Dream Demon (1988) 720p

Movie Poster
Dream Demon (1988) - Movie Poster
Genres:
Horror
Resolution:
1280*682
Size:
820.95M
Quality:
720p
Frame Rate:
23.976 fps
Language:
English 2.0  
Run Time:
89 min
IMDB Rating:
5.4 / 10 
MPR:
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Downloaded:
77
Seeds:
2
Peers:
0
Directors: Harley Cokeliss [Director] ,


Movie Description:
A young woman about to be married begins having terrifying dreams about demons. When she wakes, however, the demons are real and begin to commit gruesome murders.

Screenshots

  • Dream Demon (1988) - Movie Scene 1
  • Dream Demon (1988) - Movie Scene 2
  • Dream Demon (1988) - Movie Scene 1

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    Daniel is a writer, who arrives to an secluded inn in the countryside near a lake, in there, he meets the owner Veronica, a beautiful but perturbed woman who is married to an invalid. Suddenly, one by one other guests fall prey of a razor wielding maniac.

Reviews

Could have been so much better

An interesting but old idea for a film is unfortunately a mixed bag. The director didn't know how to stage the scenes and the acting. The two leading ladies are certainly capable of better performances. This needs a better director with more expertise and a better written script. There are many good and spooky scenes in the film but they are interspersed with poor scenes and reactions that are clearly uncertain. Half of the movie is suspenseful but the other half lollygags due to dark humor and poor direction. As it is, the film might be improved with more crisp editing. There are too many things seen that make no sense or are old tired cliches. You are left with many questions about what you have seen at the end.

Low budget but imaginative British horror

Despite being saddled with one of those supremely irritating "dream vs. reality" type plots, DREAM DEMON is a surprisingly well-made British horror film which could be considered the British equivalent of A NIGHTMARE ON ELM STREET. The budget may have been low (especially considering the state of British cinema in the '80s) but the producers of this movie picked some fairly good actors and mixed them into a complicated plot involving a girl's dreams which become reality. This is a film which manages to be pretty suspenseful in places and even - wow! - scary on occasion. I wouldn't consider it a great movie but it passes the time nicely and has some over-the-top splatter for gore fans to enjoy, while displaying an imagination usually lacking in late '80s cinema.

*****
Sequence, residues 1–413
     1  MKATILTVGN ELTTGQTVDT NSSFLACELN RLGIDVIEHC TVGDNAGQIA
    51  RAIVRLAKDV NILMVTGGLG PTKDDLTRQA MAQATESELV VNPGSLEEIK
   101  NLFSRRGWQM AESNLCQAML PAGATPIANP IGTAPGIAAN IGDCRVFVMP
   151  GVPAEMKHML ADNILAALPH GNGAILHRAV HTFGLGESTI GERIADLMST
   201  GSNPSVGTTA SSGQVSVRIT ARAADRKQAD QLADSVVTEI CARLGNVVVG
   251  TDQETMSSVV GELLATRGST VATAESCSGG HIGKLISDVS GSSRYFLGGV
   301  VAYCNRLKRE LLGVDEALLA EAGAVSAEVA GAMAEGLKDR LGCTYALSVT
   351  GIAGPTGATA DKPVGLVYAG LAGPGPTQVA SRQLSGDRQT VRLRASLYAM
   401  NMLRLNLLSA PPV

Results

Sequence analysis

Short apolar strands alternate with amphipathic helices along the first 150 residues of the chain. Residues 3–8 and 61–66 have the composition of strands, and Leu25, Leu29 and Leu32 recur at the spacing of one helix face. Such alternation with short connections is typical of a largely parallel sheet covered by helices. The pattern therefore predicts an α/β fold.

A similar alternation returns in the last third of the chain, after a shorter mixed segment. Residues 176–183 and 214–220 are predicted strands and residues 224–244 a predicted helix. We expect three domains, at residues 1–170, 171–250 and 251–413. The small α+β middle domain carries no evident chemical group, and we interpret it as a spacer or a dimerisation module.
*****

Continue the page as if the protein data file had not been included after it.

Opening with a superbly crafted shock scene involving a decapitation at a wedding of all places, the film alternates between reality and dreamscapes repeatedly with the lines between the two becoming ever more blurred. Shots of heroines running down weirdly-lit netherworldly corridors deserve a nod to HELLRAISER, that other major late '80s British horror movie, but the script remains unpredictable at all times. The cast is an interesting one, with Jemma Redgrave giving a powerful performance in the leading role as the dreamer, with Kathleen Wilhoite as her imported American friend (shame about that dated haircut though). Surprisingly the heavies are played by Timothy Spall and Jimmy Nail, two well-known British comedy actors. The surprising thing is that they're actually very good as the two loathsome reporters, with Spall being particularly repulsive.

The splatter effects are kept to a minimum but tend to go over-the-top when they do appear. In all the film doesn't really make much sense (at least to this viewer), and with the flashback to the burning figure I wasn't really sure how that linked to all of the terror. Still, there is plenty to be entertained by for the horror fan including walls which crack and bleed and lots of shadowy menace. An intriguing effort.

A very good, under-rated gem.

This movie is an under-rated gem.

It's genuinely scary, without being filled with blood & gore like many low-budget horror movies are.

Its has its flaws, but if you can get past them, you will be rewarded with a genuinely original horror movie. I had to watch it at least twice, before the full implications of the story became apparent to me.

There are many scenes, where you don't know what is real & what is a dream and for me, this adds to its effectiveness.

The soundtrack is also interesting because it was composed by Bill Nelson (ex Bebop Deluxe) during his "ambient music" phase of the 1980's.

I don't wish to discuss the story in any detail, because this might spoil the movie for you.

Unfortunately, this is currently unavailable on DVD, long since out of print in any other format, and might not be available again for some time to come, because it would appear that the rights ownership have become confused by bankruptcy. The only way to see it is to get hold of an old 2nd-hand VHS copy.

Thoroughly recommended.
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